LeBron James makes history, wins Finals MVP with 3 different franchises

Lakers star LeBron James collects his 4th career Finals MVP in ‘game 6’ vs. Heat.

LeBron James is used to delivering historic performances on The Finals stage. What he did in ‘game 6’ of the 2020 Finals, though, puts him in a category all by himself.

James was named Finals MVP after the Los Angeles Lakers defeated the Miami Heat with a 106-93 win in ‘game 6.’ In doing so, James became the first player in NBA history to be named Finals MVP with three different franchises. He was at his best in the ‘game 6’ clincher, finishing with 28 points, 14 rebounds and 10 assists and won the Finals MVP by a unanimous 11-0 vote.

His first Finals MVP came as a member of the Miami Heat in the 2012 Finals. He followed that up with another in 2013 and won his third Finals MVP in 2016 as the Cleveland Cavaliers rallied from a 3-1 Finals deficit to win the title.

Heading into these Finals, James was tied with Kareem Abdul-Jabbar (Milwaukee Bucks, Lakers) and Kawhi Leonard (San Antonio Spurs, Toronto Raptors) as the only players in NBA history to win Finals MVPs with more than one team.

In the 2020 Finals, James averaged 29.8 points, 11.8 rebounds and 8.5 assists per game. The Lakers’ title was their first since 2010, when franchise icon Kobe Bryant collected Finals MVP honors en route to L.A. defeating the rival Boston Celtics in ‘game 7.’ Overall, this is the 17th championship in Lakers history, tying them with the Celtics for most in NBA history.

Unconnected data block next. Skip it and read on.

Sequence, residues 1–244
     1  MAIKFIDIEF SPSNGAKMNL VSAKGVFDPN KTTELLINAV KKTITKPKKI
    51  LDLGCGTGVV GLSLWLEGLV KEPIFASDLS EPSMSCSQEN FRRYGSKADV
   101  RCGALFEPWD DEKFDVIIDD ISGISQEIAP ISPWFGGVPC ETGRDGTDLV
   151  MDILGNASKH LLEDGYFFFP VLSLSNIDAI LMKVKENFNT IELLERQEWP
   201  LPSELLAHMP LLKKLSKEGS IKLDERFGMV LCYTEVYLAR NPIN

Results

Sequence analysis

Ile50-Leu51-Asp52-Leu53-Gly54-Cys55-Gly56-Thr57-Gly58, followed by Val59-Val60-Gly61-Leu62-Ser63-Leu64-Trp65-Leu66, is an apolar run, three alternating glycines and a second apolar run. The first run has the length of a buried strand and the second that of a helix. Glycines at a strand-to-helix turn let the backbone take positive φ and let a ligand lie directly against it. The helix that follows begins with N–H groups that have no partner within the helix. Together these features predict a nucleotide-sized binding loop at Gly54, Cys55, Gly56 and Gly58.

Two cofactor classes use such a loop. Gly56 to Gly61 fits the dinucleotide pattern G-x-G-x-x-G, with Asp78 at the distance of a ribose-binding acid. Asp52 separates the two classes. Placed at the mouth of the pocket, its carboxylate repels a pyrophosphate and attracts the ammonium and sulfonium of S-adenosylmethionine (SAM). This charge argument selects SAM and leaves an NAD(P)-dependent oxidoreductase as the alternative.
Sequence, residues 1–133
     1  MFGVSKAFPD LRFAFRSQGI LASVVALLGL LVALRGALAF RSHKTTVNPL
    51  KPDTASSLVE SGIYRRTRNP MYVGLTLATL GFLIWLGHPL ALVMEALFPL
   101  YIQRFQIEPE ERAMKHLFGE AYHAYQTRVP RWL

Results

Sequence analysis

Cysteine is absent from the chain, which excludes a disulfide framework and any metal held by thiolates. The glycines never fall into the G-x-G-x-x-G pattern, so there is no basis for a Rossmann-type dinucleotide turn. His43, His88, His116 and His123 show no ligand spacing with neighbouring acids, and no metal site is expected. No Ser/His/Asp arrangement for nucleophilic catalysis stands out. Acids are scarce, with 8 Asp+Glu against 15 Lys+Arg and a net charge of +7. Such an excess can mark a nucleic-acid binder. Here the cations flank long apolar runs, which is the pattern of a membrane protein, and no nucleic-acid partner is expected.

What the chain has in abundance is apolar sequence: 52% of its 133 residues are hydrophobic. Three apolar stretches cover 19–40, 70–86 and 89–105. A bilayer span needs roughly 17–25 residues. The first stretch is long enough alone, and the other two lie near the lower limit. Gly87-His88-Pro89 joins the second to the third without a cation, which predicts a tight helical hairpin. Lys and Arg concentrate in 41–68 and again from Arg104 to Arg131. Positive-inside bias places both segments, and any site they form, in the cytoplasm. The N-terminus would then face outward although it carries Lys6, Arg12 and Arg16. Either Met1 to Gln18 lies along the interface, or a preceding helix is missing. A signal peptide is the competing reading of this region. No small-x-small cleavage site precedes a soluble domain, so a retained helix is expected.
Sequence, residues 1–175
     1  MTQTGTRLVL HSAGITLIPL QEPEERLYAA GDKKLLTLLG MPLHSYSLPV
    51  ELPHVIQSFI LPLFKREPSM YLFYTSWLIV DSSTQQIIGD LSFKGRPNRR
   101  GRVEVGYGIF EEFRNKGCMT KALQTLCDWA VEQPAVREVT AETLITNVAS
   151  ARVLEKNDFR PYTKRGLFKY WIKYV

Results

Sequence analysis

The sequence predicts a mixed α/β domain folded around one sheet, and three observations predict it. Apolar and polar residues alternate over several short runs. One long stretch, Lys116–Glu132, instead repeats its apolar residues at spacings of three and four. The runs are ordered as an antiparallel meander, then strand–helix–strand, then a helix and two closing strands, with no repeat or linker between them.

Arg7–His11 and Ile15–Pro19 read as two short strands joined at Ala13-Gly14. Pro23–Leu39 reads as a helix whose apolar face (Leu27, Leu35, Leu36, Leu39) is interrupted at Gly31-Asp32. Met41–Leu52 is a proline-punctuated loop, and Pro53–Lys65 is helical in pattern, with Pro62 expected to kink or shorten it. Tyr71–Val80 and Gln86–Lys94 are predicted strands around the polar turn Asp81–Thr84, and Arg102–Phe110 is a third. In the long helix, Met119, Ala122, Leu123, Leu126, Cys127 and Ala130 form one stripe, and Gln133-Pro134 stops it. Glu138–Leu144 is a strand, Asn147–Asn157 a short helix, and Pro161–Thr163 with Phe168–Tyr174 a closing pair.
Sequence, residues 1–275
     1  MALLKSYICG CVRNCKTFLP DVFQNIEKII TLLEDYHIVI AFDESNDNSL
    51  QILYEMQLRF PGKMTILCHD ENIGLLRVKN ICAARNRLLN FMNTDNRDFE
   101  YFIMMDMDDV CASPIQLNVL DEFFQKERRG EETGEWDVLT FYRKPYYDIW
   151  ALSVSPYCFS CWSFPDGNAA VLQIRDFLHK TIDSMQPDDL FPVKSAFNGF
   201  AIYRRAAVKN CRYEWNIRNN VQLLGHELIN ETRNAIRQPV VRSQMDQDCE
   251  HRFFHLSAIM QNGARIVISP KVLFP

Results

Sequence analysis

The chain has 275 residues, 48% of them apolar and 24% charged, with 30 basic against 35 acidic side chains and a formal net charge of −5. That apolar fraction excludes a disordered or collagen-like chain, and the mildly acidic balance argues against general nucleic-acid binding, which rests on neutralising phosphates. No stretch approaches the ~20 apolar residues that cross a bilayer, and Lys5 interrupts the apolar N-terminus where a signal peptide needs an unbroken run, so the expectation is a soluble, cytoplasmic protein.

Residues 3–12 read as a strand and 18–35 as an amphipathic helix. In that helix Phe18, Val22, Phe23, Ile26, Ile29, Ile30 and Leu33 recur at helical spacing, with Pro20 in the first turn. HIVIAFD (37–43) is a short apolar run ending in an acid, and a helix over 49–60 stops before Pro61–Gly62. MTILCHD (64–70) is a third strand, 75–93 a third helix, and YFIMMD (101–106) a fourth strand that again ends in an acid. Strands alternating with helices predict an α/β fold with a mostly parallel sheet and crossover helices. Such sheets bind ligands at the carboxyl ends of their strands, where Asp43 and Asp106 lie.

In NBA history, 12 players have won two or more Finals MVPs in their career, nine of whom have been elected to the Naismith Memorial Basketball Hall of Fame.

In NBA history, the multiple Finals MVP winners in NBA history are: Willis Reed (1970, ’73); Kareem Abdul-Jabbar (’71, ’85); Magic Johnson (’80, ’82, ’87); Larry Bird (’84, ’86); Michael Jordan (’91-93, ’96-98); Hakeem Olajuwon (’94, ’95); Tim Duncan (’98, 2003, ’05); Shaquille O’Neal (’00-02); Kobe Bryant (’09, ’10); Kawhi Leonard (’14, ’16), LeBron James (’12, ’13, ’16) and Kevin Durant (’17, ’18).

John Salley (Detroit, Chicago, Los Angeles Lakers) and Robert Horry (Houston, Los Angeles Lakers, San Antonio) were, until this ‘game 6,’ the only players to win championships with three different franchises. James (Miami, Cleveland) and Danny Green (San Antonio, Toronto) added their names to that list with this title.

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